Sponsored feature: presented by Inside Out
Inside Out’s Toronto LGBT Film Festival has developed a new resource to support women and non-binary filmmakers. The first phase of the Focus Fund, an initiative made possible by a generous $25,000 donation from Martha McCain, will provide filmmakers with travel bursaries to attend the festival.
Often, the significant travel costs associated with making the trip are far too great an economic barrier for filmmakers to enjoy the opportunity of showcasing their work and network with others in their industry.
Alyssa Lerner is a Los Angeles-based comedy writer and filmmaker who wrote the coming-of-age short film Pop Rox, which was chosen to screen at this year’s festival. While she was excited to have her film selected, she was unsure she could afford making the trip to attend in person. When her Focus Fund application was accepted, a major weight was lifted off of her shoulders knowing that she’d be able to make the 4,000-kilometre journey to share her work, meet people in her industry and build the community.
“It means so much. Living in L.A. can be really isolating because you’re at work all day or in your car driving to work for two hours,” says Lerner. “To be here has meant building a community which has always been something that’s really important to me, especially queer community.”
In addition to the travel bursary, festival programmers also connected her with members of the community who provided housing accommodation for the duration of her visit. Lerner was surprised by the overwhelming friendliness and hospitality of Toronto and is ecstatic to be meeting people who may become collaborators in the future.
According to Andria Wilson, Inside Out’s executive director, women and non-binary filmmakers face significant economic barriers in the industry. She joined the organization in 2016 after working in Atlantic Canada, where she developed the region’s first LGBT festival – an experience that has helped her understand the challenges marginalized filmmakers face in creating films and touring the festival circuit.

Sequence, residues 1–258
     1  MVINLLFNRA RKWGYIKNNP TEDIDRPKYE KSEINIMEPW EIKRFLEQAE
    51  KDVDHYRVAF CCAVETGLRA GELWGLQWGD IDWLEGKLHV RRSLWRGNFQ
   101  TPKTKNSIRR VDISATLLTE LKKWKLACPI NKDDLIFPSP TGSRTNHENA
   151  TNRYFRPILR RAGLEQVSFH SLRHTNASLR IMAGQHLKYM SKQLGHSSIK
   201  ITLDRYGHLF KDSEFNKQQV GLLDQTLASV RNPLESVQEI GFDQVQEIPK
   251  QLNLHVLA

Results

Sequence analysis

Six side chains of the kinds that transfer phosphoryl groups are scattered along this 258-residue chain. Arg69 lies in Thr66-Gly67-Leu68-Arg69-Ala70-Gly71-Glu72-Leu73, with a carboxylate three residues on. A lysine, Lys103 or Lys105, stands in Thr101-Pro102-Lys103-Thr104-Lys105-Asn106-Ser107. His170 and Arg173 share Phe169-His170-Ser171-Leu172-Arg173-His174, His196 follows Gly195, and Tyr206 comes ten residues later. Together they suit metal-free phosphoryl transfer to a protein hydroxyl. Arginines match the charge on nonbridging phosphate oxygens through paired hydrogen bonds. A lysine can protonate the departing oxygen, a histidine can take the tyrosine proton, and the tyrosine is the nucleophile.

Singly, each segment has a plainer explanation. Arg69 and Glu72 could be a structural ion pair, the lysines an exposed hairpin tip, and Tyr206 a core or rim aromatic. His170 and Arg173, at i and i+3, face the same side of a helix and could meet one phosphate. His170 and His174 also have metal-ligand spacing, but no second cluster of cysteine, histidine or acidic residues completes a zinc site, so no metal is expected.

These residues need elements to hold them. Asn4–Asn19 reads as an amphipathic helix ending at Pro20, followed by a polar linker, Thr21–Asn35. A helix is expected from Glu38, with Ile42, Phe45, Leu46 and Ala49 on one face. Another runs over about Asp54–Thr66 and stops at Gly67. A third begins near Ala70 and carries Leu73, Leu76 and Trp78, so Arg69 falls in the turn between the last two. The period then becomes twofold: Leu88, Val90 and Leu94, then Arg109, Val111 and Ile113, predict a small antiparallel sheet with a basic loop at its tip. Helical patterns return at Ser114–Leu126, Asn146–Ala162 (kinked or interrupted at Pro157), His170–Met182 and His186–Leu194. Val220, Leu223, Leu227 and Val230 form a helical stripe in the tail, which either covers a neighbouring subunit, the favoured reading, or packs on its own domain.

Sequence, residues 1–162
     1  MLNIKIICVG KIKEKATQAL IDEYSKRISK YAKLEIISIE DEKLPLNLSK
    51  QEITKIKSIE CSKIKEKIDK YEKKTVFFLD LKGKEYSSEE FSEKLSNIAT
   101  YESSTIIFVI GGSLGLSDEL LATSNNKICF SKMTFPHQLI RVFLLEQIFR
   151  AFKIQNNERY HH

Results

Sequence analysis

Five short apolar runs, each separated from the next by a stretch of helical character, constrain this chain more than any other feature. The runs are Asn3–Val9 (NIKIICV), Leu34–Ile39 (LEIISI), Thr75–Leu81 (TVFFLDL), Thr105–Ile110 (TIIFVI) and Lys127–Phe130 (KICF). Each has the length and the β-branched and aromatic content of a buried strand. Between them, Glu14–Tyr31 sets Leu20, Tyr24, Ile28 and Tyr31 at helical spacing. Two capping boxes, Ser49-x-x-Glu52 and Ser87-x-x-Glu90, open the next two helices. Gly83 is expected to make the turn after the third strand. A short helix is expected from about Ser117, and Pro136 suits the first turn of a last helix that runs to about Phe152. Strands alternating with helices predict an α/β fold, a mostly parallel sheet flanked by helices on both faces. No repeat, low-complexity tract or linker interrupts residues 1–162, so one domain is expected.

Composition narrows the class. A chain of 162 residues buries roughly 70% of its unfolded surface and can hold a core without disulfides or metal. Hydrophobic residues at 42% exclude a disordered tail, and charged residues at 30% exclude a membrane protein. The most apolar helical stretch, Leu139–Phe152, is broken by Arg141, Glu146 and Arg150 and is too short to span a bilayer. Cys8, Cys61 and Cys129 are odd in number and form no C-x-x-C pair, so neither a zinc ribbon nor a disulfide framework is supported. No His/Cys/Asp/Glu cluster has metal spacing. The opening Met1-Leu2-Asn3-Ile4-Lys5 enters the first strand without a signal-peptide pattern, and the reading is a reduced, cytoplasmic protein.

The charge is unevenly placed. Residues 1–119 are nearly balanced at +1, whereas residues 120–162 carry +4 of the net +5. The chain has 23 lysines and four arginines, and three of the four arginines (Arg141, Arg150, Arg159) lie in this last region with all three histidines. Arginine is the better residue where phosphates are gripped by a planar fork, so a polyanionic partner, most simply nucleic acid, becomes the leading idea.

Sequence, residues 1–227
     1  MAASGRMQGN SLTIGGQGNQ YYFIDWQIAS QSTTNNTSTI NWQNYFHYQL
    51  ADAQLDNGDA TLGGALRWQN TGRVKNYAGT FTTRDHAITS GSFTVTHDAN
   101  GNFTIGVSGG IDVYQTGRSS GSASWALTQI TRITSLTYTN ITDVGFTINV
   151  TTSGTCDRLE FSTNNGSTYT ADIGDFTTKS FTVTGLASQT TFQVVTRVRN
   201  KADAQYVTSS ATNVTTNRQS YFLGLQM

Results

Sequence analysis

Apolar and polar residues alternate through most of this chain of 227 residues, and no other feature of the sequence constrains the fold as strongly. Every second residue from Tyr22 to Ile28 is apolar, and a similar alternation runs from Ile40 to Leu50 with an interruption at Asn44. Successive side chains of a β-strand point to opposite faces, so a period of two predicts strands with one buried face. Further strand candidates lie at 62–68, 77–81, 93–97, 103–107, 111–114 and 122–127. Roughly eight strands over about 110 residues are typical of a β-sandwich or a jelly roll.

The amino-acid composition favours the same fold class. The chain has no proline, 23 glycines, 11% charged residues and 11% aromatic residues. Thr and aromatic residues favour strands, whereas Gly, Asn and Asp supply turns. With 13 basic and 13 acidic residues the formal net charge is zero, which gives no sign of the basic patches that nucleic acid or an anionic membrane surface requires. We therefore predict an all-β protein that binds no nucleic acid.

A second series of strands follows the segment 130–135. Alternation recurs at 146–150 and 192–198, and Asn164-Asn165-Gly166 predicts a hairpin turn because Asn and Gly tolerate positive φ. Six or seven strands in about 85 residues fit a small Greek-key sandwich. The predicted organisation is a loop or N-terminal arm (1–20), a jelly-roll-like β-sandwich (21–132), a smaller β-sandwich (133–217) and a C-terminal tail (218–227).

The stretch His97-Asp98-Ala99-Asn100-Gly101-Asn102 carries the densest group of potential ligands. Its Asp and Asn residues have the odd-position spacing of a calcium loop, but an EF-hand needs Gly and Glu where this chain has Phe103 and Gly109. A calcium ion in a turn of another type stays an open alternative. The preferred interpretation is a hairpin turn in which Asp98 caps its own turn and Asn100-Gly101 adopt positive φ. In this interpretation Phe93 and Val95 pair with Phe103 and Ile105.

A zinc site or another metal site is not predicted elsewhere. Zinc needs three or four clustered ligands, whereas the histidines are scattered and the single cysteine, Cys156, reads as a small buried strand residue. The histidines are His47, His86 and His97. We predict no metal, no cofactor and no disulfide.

“We spent a lot of time looking at the current climate and status of the industry and determining how can we be the most supportive to filmmakers directly as an LGBT film festival today, in terms of providing that space and support for filmmakers who have not been represented as strongly as they should be.”
In developing the Focus Fund, Inside Out took a holistic view towards supporting filmmakers throughout the creative process. While the first phase of the fund closes the financial gap for travel costs to attend the festival, the second and third phases in the future will create access to professional development programs as well as grants to support the development and completion of film projects.
“We want to provide these points of intervention that are really important in a filmmaker’s life and a film’s life in development so that films are not getting put on the shelf or put on hold or derailed because of money, which is so often the case,” says Wilson.
Through this initiative, Inside Out aims to foster and support a diverse community of LGBT women and non-binary filmmakers from around the world by providing them with the funds necessary to advance in their careers and create films that reflect their lived experiences, in turn allowing guests to see themselves represented on screen.
“By 2020, which is our 30th anniversary, we really want to be able to look at those numbers and be proud to talk about the direct movement that’s happened in just three years.”
Learn more about Inside Out and see festival programming highlights here.